I don’t think we disagree essentially on how CBC Radio and CBC TV have become entirely different creatures and yes, I think that CBC Radio serves communities well in some cases, but...
1. The core values of CBC (service, citizenship, communities) are in Radio and the longer that Radio must partner with tv, the values become reversed to become ratings, budgets and commercialism.
2. The values of the Corporation (as distinct from the CBC) are entirely Ottawa focused. That’s normal because that’s where the money and power emanate from. But those values have deformed the public broadcaster into a government department that, like all ministries, must satisfy all stakeholders and never upset the status quo. Hardly the framework of an information oriented public broadcaster which must be about serving the audience as citizens first...
3. The definition of success at the CBC is now entirely commercial in both Radio and TV. It’s all about ratings because only that way can the Corporation can please its political masters. Once you change that definition, or at least modify it, you will rediscover the values that once allowed for that service and its values to re-emerge.
My worry is that (CBC) News and Current Affairs is being marginalized because the Corporation wants to show that it will not do anything that might embarrass or upset anyone. The fifth estate [CBC TV's flagship investigative reporting program] has been moved to Friday night, newscasts in radio are being shortened, budgets are being deflected to support reality programs, music is replacing current affairs in significant parts of the radio schedule. A re-evaluation of all news programming is underway which, I fear will simply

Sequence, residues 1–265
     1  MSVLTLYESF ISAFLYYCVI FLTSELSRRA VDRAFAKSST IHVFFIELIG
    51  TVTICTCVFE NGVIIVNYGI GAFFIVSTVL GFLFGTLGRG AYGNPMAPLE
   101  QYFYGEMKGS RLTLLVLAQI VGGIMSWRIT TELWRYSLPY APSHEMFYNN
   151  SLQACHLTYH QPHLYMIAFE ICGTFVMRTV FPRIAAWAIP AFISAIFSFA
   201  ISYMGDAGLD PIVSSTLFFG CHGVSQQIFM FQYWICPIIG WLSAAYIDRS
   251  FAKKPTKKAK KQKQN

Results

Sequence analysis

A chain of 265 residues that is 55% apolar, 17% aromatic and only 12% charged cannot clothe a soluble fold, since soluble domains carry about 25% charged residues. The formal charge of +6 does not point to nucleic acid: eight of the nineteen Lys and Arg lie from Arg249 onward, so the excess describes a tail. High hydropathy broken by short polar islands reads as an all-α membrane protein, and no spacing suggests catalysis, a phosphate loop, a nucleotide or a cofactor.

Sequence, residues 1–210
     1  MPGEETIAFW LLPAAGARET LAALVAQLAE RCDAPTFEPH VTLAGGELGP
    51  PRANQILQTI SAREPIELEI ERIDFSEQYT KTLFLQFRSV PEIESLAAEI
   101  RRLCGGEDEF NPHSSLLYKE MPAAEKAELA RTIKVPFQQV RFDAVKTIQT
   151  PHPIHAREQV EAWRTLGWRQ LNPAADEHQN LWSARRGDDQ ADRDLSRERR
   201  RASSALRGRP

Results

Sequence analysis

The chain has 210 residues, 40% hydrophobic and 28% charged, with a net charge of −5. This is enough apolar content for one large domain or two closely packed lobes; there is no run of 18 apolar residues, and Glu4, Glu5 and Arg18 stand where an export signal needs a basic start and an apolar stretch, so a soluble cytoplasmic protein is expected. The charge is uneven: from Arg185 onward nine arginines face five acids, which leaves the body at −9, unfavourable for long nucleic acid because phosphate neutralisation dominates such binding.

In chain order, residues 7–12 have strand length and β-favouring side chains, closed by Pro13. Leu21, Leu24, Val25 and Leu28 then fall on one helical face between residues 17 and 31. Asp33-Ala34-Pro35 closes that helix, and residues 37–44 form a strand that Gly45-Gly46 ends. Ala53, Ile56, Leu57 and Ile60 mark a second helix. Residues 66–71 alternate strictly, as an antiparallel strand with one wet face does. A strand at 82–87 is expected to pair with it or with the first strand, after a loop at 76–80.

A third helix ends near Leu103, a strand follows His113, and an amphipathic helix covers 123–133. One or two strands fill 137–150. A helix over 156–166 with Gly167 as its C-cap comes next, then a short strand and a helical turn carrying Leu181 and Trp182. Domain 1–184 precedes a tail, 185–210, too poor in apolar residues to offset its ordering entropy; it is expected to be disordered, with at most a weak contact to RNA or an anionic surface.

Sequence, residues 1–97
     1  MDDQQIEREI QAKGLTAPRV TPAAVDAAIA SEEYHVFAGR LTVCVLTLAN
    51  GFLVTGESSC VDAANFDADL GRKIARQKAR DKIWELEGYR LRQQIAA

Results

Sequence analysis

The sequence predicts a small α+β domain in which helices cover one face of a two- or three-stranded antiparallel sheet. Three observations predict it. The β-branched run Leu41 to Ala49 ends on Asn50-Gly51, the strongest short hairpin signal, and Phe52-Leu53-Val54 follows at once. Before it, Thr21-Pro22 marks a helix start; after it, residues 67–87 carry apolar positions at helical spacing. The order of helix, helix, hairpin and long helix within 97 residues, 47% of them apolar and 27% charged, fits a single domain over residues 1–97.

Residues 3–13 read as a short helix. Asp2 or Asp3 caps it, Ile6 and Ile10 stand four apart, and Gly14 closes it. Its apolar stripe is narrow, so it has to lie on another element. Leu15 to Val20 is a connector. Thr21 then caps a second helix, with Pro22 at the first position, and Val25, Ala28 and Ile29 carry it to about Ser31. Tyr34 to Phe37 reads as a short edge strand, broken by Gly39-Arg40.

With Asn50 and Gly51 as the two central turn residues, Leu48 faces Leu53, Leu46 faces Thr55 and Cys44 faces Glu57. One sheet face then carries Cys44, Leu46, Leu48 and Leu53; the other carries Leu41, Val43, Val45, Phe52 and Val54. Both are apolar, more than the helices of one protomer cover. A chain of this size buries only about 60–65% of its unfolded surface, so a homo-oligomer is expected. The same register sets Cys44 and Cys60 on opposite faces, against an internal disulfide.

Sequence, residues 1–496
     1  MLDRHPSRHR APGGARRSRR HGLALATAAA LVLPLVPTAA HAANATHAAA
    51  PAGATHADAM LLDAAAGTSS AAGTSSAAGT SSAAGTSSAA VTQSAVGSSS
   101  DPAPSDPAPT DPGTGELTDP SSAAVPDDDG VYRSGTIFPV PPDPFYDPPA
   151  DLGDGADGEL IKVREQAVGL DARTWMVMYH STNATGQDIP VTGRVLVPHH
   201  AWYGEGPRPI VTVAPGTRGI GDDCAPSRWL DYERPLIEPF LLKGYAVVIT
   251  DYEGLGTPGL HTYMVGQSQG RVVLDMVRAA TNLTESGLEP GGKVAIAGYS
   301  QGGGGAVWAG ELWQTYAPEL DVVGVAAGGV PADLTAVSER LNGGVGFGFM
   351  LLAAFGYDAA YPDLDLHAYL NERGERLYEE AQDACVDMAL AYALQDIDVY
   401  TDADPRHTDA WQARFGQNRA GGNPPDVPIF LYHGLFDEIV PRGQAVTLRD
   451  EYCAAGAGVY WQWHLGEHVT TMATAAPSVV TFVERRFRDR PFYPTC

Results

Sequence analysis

plug the “reality entertainment” values into the news and current affairs departments so they become “entertaining reality.”
The corporation has hired Frank Magid to “revitalize” supper hour tv shows to concentrate on weather and crime.
I know Magid and his reputation from the US. He is the one that came up with “eye witness news” and I-Teams 30 years ago which have been discredited and dropped. So he came north to keep the business going. We hear a lot more the crime stories on the news now on Radio and TV, not because they aren’t occasionally compelling. But because they are supposed to scare the audience into watching and listening.
It will do quite the opposite and there have been some important studies that show this to be the outcome.
CBC’s crime reporting is done not because it’s significant. But because it’s cheap to do at a time when crime rates in Canada and the US are going down (and have been since 1970), crime REPORTING on tv has gone up around 800%!
So, yes, there is still some great work done by excellent journalists on CBC. But the environment is not optimal and that’s why I needed to say something about finding a disconnect between the CBC and Ottawa as a possible solution to the problem.
When I got to NPR, we decided that we could not and should not be all things to all people. We weren’t funded to do it. So in consultation with the stations (who own NPR) we agreed that news and information of the highest quality would be our goal. From 2000-2005 we stopped taking money from Congress, we tripled the ratings while deepening the audiences’ sense of loyalty. It still has problems (what organization these days does not?) but it’s worth looking at and listening to.
There’s more to tell. I didn’t mean to go on so long, and I hope we can get together soon to keep this discussion going.